HENRY CLAY CAMERA
SLIDING-BED DESIGN WITH PNEUMO SHUTTER
American Optical Company, Scovill & Adams, Proprietors 1891 - 1892
Another example of a Henry Clay sliding-bed design in 5x7, equipped with a Gundlach Optical Company Rapid Rectigraphic 5x8 lens and a Pneumo Shutter that attaches to the front of the lens shade. This particular example may be one of the earliest versions of the Henry Clay Camera, in that it has no tightening lever to secure lateral and swing adjustments to the lens standard, the lens standard's base being fixed. The earliest ads I've found that date to 1892 (1891 copyright) and one estimated to be circa June, 1892, already include the swing capability as standard. The swing capability was shown as an option on the Henry Clay Stereoscopic (sliding-bed design), in an ad from Scovill & Adams' How to Make Photographs, January, 1892, stating that this "Vertical Sliding and Swing Front" feature was offered for an additional $5 over the Henry Clay Stereoscopic's basic price of $75. But, it's yet to be determined if it was ever offered on the Henry Clay Camera in 1891.
Later 1892 and 1893 ads for the Henry Clay Camera (non-stereoscopic) now reflect the swing capability as standard equipment, with both the Henry Clay Stereoscopic and the Henry Clay Camera still being reflected with sliding-bed designs in ad engravings and the swing feature still being offered as an upgrade on the Henry Clay Stereoscopic. It should also be noted that sometimes, ad engravings were not immediately updated to reflect changes in design.
The lens on the example seen here, is accompanied by a set of Waterhouse stops is marked "Gundlach Optical Company, Rochester, N.Y., Rapid Rectigraphic, 5x8". The Pneumo Shutter, designed by Louis Prosch, Jr. of Brooklyn, New York, Patent No. 447,902 dated March 10, 1891, was also sold under the Marvel name. Some surviving examples of this shutter have been found unmarked as to name. Although marketed by C.E. Hopkins, a photographic supplier, it's undetermined whether the shutter was manufactured by Hopkins, by Louis Prosch, Jr., or by someone else entirely.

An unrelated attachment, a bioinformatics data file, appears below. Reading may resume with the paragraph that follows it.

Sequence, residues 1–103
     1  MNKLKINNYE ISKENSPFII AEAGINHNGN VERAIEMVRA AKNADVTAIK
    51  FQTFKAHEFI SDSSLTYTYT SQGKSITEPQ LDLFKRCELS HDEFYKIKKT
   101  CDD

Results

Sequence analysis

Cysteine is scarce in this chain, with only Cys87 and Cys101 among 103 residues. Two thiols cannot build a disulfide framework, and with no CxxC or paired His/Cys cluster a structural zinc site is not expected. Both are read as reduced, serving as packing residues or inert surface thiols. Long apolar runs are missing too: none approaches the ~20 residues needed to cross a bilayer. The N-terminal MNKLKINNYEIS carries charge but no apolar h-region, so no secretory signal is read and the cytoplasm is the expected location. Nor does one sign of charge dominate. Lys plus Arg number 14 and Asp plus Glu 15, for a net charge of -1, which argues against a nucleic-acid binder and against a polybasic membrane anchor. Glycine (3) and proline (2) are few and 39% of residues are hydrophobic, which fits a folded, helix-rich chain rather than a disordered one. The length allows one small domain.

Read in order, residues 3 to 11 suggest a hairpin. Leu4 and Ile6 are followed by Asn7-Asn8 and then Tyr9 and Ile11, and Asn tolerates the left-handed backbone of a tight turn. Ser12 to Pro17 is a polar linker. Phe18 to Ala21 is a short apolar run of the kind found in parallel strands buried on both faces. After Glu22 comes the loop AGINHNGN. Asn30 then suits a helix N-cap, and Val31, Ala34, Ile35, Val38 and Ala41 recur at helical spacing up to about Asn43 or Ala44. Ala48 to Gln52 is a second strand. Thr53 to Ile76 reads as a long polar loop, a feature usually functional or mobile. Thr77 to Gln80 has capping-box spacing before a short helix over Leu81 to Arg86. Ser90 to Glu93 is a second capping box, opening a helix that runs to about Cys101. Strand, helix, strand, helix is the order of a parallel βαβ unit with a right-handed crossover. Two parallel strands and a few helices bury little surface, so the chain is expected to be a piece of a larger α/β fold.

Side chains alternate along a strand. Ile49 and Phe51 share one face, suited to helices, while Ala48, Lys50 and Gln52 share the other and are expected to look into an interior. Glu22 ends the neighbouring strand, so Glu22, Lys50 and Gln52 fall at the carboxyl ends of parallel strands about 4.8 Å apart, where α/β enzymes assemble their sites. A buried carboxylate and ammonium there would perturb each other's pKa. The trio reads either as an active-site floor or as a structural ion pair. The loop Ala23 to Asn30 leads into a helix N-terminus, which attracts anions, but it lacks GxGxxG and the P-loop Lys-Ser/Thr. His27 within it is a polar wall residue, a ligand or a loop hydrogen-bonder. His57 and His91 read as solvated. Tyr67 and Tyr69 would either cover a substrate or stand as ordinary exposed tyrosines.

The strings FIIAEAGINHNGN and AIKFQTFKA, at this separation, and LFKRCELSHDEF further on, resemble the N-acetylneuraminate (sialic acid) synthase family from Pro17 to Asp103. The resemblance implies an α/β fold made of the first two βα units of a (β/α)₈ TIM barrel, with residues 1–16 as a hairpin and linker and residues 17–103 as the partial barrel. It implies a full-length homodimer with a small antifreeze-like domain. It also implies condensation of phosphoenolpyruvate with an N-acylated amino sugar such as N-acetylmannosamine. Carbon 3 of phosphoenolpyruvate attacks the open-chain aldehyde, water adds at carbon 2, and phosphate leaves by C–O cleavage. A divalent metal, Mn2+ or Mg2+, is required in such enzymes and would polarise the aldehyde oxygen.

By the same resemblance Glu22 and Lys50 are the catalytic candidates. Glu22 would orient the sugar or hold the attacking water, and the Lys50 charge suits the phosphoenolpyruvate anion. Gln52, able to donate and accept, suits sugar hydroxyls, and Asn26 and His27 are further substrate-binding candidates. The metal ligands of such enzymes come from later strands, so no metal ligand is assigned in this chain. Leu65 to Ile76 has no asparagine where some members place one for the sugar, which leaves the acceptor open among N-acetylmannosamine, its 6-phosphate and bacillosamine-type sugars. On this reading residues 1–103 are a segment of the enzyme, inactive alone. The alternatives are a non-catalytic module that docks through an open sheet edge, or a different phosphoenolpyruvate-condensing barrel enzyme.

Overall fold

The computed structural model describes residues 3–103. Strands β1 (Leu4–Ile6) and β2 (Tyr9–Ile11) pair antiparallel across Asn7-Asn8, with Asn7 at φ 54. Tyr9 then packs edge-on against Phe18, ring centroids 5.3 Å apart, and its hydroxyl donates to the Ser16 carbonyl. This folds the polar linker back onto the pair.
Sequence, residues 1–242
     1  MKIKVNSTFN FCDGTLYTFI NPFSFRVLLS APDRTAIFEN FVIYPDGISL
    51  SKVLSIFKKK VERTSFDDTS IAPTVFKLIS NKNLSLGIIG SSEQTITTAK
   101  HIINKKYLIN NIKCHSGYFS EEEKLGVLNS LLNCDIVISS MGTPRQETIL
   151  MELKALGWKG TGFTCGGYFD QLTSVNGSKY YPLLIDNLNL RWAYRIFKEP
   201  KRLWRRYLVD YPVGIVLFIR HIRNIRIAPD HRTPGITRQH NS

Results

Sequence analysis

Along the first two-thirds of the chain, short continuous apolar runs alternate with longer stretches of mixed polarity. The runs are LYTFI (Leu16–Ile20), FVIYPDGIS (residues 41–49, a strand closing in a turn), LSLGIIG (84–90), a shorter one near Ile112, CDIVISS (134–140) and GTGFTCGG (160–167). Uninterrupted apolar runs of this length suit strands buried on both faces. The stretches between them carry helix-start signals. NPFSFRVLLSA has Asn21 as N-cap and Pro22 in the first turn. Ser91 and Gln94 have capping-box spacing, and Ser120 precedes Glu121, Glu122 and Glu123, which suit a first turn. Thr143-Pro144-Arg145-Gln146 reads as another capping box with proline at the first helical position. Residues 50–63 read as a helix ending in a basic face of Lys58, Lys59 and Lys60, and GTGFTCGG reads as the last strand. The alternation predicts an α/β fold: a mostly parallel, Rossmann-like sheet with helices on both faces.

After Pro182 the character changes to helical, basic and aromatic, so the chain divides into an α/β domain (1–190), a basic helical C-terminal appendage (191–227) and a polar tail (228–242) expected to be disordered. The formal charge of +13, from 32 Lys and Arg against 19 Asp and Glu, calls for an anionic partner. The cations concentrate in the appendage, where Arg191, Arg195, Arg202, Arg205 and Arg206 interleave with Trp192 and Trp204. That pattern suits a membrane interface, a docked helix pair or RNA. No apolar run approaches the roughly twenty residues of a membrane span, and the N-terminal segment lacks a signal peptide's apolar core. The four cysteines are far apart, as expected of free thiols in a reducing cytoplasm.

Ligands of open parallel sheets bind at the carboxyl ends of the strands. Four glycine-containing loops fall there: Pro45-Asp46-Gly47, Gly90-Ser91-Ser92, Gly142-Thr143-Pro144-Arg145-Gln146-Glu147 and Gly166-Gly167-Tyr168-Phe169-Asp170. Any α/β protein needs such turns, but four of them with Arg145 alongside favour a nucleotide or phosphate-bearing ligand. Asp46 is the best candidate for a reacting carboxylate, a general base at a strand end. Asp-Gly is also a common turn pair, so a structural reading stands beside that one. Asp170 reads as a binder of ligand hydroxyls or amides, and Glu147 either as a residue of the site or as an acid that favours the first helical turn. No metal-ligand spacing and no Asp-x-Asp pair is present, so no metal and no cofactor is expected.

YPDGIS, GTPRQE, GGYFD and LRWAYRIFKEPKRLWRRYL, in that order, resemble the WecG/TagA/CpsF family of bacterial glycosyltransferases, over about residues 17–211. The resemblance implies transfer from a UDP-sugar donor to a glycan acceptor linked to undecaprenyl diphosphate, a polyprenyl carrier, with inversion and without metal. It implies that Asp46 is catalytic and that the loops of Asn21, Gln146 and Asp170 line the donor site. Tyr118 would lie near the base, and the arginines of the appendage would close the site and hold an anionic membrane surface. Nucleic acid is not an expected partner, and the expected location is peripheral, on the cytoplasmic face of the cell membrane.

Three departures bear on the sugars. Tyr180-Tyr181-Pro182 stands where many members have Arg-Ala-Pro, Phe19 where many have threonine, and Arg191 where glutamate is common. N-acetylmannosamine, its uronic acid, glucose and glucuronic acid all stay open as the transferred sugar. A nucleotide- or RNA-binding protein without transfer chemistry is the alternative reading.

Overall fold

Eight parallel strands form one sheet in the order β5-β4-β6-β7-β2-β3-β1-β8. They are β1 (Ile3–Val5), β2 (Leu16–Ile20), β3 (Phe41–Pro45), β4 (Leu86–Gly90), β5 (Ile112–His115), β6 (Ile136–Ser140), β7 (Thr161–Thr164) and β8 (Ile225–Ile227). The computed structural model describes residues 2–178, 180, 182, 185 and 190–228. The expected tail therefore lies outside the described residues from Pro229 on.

The Pneumo Shutter Patent Source: Google Patents
This 4" diameter shutter with a 1-7/8" barrel shade diameter mount, is stamped "Pneumo" along with "Pat.Mar.10"91" and a serial number of 749. Although in contrast to many Henry Clays that were factory-equipped with Wale & Mathein Shutters, and not known to be offered by Scovill & Adams with this lens/shutter combination, the Gundlach Rapid Rectigraphic and Pneumo Shutter were period correct and could have been installed originally. Aside from the Wale & Mathein, a good number of Henry Clays that survive are also seen with Prosch Triplex Shutters.
As seen in the photos, the wooden blocks that attach the camera's bed to the track rails and the ground glass for focusing are missing. The six plate holders accompanying this camera are all stamped "Scovill and Adams Co. N.Y." No serial number was found on the camera, other than a #6 (probably an assembly number) stamped on the interior of the side access door. Some, but not all Henry Clays are found with serial numbers, either located on the bed or in area of the bed's hinge on later versions. None of the Henry Clay sliding-bed designs I'm aware of contain serial numbers.
Despite the missing parts, this example is in relatively good condition given that most Henry Clays are found with flaking or missing leather, missing doors, broken or missing handles and in some cases no viewfinders.
For more information on the Henry Clay sliding-bed design, see another Henry Clay sliding-bed camera featured in the "Antique Cameras" section of this website.
Ad from Scovill's American Annual of Photography and Photographic Times Almanac for 1891